When you’re dreaming about starting a business, accounting might not be a very interesting subject. When you think of accounting, you might think of complicated spreadsheets. However, good accounting is fundamental to a strong business, and if you want to make money, you will need to understand the basics. There are several areas you might want to focus on.
Educate Yourself about the Basics
There are lots of things you should understand before starting your side hustle, so you’ll need to spend your time doing your research before doing anything else. As accounting is a very in-depth subject, you might consider taking some accounting classes online or at a local community college. You could even consider getting an accounting degree, which can be a thorough way of preparing to be a business owner. If you’re thinking about going to college, you can find private loans for college that can make it much easier to cover the expenses.
Track Expenses and Income
It’s important to track both expenses and income so you can reduce reoccurring business expenses and see how much profit you are making. You will first need to figure out a method of tracking. You can use spreadsheets or special software dedicated to tracking these things. You will want to start this record keeping as soon as you have started your business, even if it’s just a small side hustle at the beginning. If you wait, you will find it much harder to go back and try to fill in all the missing information. You can even hire an accountant to come in and check out the records regularly to make sure everything is accurate.
Prepare for Tax Season All Year Long
You need to pay taxes on the money you earn, even if you start your company as side hustle opportunity. If you don’t earn that much, you might be able to just ask your main employer to withhold more taxes from each paycheck. But it’s still important to do your research on taxes ahead of time, and consider talking to an accountant, who can give you tips based on your current situation. You may lose money during the first several years of your business. But even if you don’t see profits, you will still likely need to file tax returns, so don’t neglect this important step. Knowing in advance how taxes will likely affect your organization can help you be ready.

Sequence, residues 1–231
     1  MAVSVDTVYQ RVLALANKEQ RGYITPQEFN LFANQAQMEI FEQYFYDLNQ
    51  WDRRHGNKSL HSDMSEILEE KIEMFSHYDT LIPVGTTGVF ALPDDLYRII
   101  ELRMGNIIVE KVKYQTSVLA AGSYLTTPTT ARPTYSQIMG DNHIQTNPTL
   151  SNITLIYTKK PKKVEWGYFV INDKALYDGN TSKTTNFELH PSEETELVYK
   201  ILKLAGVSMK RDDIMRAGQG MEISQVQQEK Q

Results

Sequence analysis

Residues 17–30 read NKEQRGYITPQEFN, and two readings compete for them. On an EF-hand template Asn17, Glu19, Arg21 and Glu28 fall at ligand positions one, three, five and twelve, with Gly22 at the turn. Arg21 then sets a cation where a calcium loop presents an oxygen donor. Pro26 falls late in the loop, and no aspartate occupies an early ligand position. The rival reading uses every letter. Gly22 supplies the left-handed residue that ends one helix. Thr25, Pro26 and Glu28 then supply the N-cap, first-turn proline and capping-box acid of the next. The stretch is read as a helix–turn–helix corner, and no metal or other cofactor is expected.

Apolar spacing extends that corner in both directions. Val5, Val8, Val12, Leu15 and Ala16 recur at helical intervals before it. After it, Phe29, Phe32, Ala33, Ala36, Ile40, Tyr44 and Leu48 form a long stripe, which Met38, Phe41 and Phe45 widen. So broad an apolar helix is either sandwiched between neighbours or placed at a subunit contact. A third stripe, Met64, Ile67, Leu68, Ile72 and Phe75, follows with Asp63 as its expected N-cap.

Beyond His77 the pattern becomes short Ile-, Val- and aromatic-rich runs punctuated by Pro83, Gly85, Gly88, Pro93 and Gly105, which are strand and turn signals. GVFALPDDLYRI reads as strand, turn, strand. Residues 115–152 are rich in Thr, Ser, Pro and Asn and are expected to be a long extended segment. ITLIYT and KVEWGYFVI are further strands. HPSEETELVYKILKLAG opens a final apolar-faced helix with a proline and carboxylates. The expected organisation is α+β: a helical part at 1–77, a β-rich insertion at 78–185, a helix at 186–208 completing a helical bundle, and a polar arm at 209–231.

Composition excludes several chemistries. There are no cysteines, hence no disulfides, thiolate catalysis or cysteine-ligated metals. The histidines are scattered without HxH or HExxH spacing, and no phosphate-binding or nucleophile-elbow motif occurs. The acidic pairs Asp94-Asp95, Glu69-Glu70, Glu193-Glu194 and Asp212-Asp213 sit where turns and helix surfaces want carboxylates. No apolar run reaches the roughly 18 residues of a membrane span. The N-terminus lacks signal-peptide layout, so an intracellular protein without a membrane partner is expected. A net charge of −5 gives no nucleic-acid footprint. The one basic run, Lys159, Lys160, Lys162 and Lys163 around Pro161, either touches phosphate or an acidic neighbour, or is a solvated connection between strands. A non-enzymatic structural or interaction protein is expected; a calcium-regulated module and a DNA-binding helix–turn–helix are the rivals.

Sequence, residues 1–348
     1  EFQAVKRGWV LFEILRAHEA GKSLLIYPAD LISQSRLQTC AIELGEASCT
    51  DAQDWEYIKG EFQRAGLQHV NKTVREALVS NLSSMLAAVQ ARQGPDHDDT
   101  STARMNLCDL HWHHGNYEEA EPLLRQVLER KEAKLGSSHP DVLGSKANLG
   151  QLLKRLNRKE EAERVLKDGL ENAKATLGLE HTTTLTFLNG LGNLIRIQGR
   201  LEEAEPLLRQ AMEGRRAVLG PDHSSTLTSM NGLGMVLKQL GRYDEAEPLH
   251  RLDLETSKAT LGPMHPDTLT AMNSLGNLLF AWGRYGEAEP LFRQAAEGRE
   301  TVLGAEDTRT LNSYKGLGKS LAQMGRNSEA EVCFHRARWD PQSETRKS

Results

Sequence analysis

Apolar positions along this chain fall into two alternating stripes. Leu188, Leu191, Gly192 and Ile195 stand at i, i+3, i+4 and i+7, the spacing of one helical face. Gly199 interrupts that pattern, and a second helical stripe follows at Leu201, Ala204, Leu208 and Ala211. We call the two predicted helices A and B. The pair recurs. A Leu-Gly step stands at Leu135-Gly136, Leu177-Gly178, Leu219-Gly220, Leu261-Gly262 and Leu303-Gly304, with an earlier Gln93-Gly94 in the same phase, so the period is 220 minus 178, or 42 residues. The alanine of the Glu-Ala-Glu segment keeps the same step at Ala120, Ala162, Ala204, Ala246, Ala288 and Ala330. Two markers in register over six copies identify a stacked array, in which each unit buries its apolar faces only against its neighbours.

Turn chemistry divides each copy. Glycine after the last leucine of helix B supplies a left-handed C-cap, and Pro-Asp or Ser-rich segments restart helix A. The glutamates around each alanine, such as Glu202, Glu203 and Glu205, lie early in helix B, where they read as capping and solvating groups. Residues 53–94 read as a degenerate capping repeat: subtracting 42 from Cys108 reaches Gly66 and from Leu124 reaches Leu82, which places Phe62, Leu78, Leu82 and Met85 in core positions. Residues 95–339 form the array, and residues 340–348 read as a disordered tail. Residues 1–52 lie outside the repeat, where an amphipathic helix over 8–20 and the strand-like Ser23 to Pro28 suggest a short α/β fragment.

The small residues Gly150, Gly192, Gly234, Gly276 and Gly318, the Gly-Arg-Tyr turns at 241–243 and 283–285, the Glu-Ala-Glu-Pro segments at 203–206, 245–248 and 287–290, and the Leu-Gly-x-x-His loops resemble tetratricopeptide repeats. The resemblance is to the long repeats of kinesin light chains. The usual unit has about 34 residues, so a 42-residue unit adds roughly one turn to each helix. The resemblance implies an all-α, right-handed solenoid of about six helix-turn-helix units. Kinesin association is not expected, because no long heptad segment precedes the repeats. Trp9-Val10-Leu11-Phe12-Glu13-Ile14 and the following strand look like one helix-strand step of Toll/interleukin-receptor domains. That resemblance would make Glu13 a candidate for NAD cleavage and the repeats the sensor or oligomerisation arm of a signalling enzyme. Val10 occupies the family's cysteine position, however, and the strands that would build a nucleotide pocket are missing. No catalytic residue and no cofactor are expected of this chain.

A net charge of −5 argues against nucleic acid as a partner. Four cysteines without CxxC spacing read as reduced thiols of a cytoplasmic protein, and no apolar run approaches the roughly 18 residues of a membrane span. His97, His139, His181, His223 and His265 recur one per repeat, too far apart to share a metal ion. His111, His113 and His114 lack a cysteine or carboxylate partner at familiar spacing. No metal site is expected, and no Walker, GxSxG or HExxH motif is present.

Understand the Balance Sheet
Balance sheets are statements showing capital, assets, and liabilities. The standard formula is to add your equity and liabilities to equal your assets. Both sides should balance when you put the numbers in. You might not use this sheet much when you first start, especially if you begin on a smaller scale, but like other aspects of accounting, it will become important as time goes on. That’s why it’s important to keep this information handy at the beginning. You may need this information when getting funding from investors or banks later on. The sheet also offers an overall look at your business.